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Wednesday, 1 October 2014

Tighten the belt?

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The pasture grown on your farm is the cheapest source of animal feed available to you.

Production costs inexorably increase yearly. With less predictable returns from the products sold, for example the lower forecast dairy payout for 2014-15, dairy farmers will be focusing hard on maximising returns from farm inputs, with fertiliser being no exception.

The temptation may be to reduce, or forgo, fertiliser to assist with balancing the books. In this case, it is very important that you gather the required specialist information from people you trust to help formulate your fertiliser policy and understand what the positive or negative consequences of whatever decision you take will be.

Because fertiliser does represent a large input cost, it deserves some time, effort and mental focus to nut out exactly what your response to the current cost-to-return relationship for your farm fertiliser policy will be.

These deficits are greater when soil fertility is sub-optimal because wet, cold and dry soil conditions all restrict the ability of soil biological and chemical processes to keep nutrients cycling in soils and plants growing in them to acquire these nutrients.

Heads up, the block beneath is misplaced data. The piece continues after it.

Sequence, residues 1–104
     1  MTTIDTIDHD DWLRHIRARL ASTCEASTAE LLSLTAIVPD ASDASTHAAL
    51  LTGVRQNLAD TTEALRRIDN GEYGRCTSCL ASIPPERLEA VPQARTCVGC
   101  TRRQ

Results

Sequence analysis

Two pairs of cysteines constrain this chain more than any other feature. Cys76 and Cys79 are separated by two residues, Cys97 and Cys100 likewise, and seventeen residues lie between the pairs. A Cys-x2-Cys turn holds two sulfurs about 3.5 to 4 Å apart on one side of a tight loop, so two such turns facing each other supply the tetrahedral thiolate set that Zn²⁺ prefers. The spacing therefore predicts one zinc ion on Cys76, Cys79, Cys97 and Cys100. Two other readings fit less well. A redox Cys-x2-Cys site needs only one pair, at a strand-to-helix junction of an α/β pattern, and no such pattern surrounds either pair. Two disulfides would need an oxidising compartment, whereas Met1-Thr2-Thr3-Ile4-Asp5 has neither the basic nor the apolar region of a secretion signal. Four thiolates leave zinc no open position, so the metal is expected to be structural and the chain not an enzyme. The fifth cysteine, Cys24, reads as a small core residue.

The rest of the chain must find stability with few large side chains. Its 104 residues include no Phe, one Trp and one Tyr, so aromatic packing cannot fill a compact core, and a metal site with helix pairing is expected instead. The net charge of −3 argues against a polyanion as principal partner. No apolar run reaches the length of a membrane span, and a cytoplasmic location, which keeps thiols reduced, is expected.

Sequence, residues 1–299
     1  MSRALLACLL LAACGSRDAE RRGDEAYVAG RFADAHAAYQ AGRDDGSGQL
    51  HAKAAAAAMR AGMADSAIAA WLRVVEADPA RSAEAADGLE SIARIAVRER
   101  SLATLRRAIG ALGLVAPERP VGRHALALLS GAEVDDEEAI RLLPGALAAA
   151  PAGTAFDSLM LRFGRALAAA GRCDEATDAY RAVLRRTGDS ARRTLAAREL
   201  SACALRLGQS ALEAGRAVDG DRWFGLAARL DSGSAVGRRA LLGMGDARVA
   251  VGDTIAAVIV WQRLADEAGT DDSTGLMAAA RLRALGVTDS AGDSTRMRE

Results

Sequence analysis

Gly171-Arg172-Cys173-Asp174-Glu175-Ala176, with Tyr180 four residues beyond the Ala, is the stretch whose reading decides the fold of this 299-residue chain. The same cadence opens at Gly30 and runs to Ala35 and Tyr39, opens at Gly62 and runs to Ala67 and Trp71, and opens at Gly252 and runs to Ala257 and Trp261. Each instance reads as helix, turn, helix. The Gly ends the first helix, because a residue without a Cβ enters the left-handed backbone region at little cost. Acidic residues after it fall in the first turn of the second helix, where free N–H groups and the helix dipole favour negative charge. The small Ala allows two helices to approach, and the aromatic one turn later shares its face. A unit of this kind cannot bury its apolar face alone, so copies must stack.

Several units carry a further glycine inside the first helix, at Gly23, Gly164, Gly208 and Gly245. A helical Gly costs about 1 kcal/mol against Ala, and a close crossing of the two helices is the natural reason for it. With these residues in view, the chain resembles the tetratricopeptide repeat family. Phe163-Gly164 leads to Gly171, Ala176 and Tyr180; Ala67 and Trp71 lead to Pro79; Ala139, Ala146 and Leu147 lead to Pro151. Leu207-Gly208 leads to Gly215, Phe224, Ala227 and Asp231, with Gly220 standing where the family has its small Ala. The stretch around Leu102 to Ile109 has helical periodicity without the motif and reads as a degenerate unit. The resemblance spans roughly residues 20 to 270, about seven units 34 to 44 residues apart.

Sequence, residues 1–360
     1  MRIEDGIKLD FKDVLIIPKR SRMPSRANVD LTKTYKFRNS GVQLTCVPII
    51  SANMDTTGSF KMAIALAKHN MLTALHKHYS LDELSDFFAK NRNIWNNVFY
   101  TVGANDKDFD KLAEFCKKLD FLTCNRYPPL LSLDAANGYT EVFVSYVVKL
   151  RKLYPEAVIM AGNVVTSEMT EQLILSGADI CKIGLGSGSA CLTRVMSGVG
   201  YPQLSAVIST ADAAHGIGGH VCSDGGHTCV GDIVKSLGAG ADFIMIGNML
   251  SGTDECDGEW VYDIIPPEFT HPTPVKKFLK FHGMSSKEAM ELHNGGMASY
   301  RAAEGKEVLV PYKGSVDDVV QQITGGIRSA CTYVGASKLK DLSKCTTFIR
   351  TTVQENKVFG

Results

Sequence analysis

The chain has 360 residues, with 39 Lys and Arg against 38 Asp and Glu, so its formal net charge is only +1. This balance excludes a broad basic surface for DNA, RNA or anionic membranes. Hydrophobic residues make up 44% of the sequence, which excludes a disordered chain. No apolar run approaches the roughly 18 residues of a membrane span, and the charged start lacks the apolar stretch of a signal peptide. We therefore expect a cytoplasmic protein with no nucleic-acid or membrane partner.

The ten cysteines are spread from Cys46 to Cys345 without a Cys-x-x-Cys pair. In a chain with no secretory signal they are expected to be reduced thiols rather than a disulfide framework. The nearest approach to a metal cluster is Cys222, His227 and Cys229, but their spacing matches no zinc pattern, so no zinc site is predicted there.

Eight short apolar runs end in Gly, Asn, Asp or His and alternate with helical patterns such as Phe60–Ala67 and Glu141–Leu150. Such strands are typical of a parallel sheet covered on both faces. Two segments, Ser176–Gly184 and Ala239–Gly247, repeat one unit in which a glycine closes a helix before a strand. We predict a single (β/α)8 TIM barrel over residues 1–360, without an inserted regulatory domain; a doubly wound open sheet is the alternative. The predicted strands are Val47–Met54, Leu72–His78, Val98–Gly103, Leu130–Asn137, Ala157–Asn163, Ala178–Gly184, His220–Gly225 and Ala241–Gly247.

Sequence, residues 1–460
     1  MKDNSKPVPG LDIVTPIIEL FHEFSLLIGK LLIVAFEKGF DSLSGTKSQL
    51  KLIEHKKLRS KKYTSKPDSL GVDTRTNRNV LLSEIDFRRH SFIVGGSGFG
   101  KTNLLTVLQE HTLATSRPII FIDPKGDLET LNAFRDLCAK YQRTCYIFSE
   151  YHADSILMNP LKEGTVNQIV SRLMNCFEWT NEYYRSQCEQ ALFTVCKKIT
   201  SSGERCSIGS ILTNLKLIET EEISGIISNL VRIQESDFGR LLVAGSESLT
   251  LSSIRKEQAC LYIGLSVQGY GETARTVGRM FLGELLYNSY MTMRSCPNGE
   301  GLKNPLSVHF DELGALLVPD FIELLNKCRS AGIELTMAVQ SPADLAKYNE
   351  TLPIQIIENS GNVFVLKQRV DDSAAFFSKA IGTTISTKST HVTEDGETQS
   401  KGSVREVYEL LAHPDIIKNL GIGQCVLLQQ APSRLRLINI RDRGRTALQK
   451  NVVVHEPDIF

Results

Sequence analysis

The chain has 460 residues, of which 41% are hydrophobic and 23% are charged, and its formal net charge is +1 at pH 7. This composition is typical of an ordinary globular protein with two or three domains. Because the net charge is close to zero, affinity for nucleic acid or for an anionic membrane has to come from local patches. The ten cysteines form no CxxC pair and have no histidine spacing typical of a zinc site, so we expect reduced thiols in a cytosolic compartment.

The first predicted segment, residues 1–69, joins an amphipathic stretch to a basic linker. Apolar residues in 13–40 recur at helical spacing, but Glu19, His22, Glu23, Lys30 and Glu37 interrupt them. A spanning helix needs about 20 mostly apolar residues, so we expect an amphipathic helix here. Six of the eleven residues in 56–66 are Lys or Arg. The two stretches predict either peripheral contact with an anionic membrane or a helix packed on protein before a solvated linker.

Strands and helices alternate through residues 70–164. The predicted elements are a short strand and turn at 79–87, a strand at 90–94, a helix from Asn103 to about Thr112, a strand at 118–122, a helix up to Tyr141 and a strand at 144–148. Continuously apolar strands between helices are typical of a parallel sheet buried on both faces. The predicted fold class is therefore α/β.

If belt tightening is required on your farm, consider these actions to get the best from your fertiliser spend

Soil and herbage (when pasture is growing well) tests will help identify soil fertility issues for both for major and trace elements:

  • Dairy: consider all-paddock testing to determine areas requiring capital, maintenance and sub-maintenance rates of lime and/or fertiliser nutrients.
  • Mixed livestock: consider dividing the farm up into land management units (LMUs) based on factors like slope, aspect and topography, which affect potential production, and soil test these LMUs separately to develop a differential fertiliser and lime application plan to maximise the return from your spend.

Identify areas that you intend to plant either winter or summer forage crops early enough. This is so that soil testing and corrective lime and fertiliser application can be carried out prior to planting. Then ensure the right type and amount of nutrients are applied at planting (and side-dressing if necessary) to maximise yields. Growing crops is an expensive business if you get poor yields!

Use nitrogen fertiliser tactically and consider gibberellic acid to fill predicted feed gaps when climatic conditions for use allow i.e. adequate temperature, moisture but not in conditions that will promote direct leaching of applied N fertiliser.